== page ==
Notes from Tony Dungy at the Chick-fil-A Leadercast

One of my favorite elements of this year’s Chick-fil-A Leadercast was Tony Dungy.  Mr. Dungy was interviewed by Mark Sanborn, and it was an awesome interview.  I only wish it could have been longer.

Here are a few significant thoughts Coach Dungy shared in his interview:

The challenge is take players who have potential and help them become what they are capable of.

My job and your job as a leader is to help the people we lead to reach their potential and be successful.  It’s a challenge and it’s not easy.  In fact, it’s quite difficult.  But that’s our job as leaders.

A team needs a goal to strive for.

 People want a big goal to shoot for and to strive for.  A big goal that a team is working towards motivates the team and causes them to work together. 

I honestly believe that people are most happy when they are working towards a goal.  I remember I was working for an organization where we had a leader who didn’t really cast vision for our organization.  I remember often thinking:

“What’s the point of all this?”
“Where are we going?”
“What are we doing this for?”
“What are we shooting for?” 
“What do we want to become?”

It was a frustrating time because we didn’t have a goal to strive for which meant we were bored!

Focus on incremental progress even if it’s not showing.

This is an important principle for leaders and other workers to realize in our instant gratification culture we live in right now. 

Progress takes time. 

If you’re a golfer you know that when you want to make a swing change, sometimes you have to get worse before you can get better.  When a golfer wants to make a slight change to improve his swing, he often starts to make the change and the results often get worse because he is doing something he hasn’t done before.  But over time, the golfer will start to see progress and his game will start to improve as a result of the work he was doing.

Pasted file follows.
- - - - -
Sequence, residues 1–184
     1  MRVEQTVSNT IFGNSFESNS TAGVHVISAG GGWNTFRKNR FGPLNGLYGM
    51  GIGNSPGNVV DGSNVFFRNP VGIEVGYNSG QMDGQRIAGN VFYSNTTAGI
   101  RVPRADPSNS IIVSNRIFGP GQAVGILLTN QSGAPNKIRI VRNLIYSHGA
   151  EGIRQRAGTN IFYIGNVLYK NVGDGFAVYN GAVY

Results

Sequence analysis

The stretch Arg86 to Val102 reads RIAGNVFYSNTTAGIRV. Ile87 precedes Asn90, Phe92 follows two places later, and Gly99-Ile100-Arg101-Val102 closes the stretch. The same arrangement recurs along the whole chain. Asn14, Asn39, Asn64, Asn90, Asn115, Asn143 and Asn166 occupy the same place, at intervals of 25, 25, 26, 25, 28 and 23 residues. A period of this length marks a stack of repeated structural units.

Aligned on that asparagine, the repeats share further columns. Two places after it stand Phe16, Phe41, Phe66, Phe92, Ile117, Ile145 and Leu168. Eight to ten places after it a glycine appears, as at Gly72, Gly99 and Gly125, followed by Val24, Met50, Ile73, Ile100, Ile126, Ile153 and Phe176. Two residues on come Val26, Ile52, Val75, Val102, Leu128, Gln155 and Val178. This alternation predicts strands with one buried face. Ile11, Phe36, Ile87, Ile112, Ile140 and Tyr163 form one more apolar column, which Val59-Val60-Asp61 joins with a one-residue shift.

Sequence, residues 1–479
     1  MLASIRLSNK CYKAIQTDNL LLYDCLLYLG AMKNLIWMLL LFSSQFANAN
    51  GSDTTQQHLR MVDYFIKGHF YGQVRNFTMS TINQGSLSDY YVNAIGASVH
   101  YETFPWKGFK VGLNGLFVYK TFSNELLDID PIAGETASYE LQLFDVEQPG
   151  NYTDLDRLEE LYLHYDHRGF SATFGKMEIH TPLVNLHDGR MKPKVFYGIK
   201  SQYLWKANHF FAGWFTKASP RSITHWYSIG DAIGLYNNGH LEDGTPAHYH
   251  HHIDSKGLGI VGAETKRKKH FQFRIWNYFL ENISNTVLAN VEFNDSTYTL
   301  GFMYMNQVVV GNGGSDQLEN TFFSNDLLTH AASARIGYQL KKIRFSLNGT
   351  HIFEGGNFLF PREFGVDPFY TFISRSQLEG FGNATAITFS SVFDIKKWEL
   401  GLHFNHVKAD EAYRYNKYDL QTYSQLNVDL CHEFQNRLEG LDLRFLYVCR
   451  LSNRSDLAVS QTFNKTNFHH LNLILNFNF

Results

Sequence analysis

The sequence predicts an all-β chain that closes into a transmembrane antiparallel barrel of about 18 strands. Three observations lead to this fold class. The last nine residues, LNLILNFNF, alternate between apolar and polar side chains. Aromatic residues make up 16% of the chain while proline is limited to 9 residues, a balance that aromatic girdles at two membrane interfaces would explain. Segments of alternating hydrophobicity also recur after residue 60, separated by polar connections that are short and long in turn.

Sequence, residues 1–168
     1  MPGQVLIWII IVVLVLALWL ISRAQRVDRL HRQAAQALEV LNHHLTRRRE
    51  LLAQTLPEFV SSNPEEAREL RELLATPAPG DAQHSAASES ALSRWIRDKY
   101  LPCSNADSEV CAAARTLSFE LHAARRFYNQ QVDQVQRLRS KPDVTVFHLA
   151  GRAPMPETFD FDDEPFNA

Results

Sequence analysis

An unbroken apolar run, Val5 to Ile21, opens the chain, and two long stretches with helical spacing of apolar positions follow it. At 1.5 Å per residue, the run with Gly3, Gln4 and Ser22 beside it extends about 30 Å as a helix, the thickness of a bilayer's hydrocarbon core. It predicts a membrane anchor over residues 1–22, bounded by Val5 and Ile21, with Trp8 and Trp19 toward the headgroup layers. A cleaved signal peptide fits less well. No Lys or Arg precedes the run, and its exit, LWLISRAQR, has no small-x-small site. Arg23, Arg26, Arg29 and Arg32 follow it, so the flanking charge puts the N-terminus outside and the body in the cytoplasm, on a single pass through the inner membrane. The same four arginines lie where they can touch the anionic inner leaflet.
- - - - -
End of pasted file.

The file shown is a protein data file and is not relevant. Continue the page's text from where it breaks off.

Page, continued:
Leaders who are trying to make progress need to realize that just because they can’t see any progress, doesn’t mean it’s not happening.

A good coach transmits his belief in his players

One of the greatest things a leader can give to his followers is his belief in them.  I’ve been able to serve more people and help more people because there have been people in my life who have believed in me more than I believed in myself.  One who comes to mind is my mentor, coach and friend Steve Elliott.   His belief in me and my ability as a leader has encouraged me to help more people and serve more people than I probably ever would have done on my own.

I didn’t catch all of it, but Coach Dungy shared this poem at the conference which I thought was very meaningful:

I believe in you, we can make it happen, this is my
team, and we’re going to get it done.

Character is caught and taught.

This firms up the belief that most of us realize that people watch what you do more than they watch what you say.  But they will do both, and you can mold your team and your players’ character by modeling the character you want them to have and by affirming that character with words.

Family is #1 because that’s what is going to be with you for the rest of your life.

I need to focus on this one a little bit more.  Because leaders are so visionary, they often can get so focused on doing great things and making a difference in the world that they forget their family who is at home wanting their attention and love too.  This is a tough line to draw because leaders are required to spend so much time at work, and that work can begin to consume us and become the main priority in our lives.

God has put you where you are for a reason and you impact more people than you think because people benefit.

While at my toastmasters meeting I heard a woman say, “Its not where you are, it’s where you are meant to be.”  It was pretty profound, especially for me since I often have feelings that I should be doing more and helping more people.  But God always has us where we are for a specific reason, and our job is to do the best to serve and help those people.

By Christopher L. Scott

Christopher L. Scott serves as senior pastor at Lakeview Missionary Church in Moses Lake, Washington. Through his writing ministry more than 250,000 copies of his articles, devotions, and tracts are distributed each month through Christian publishers. Learn more at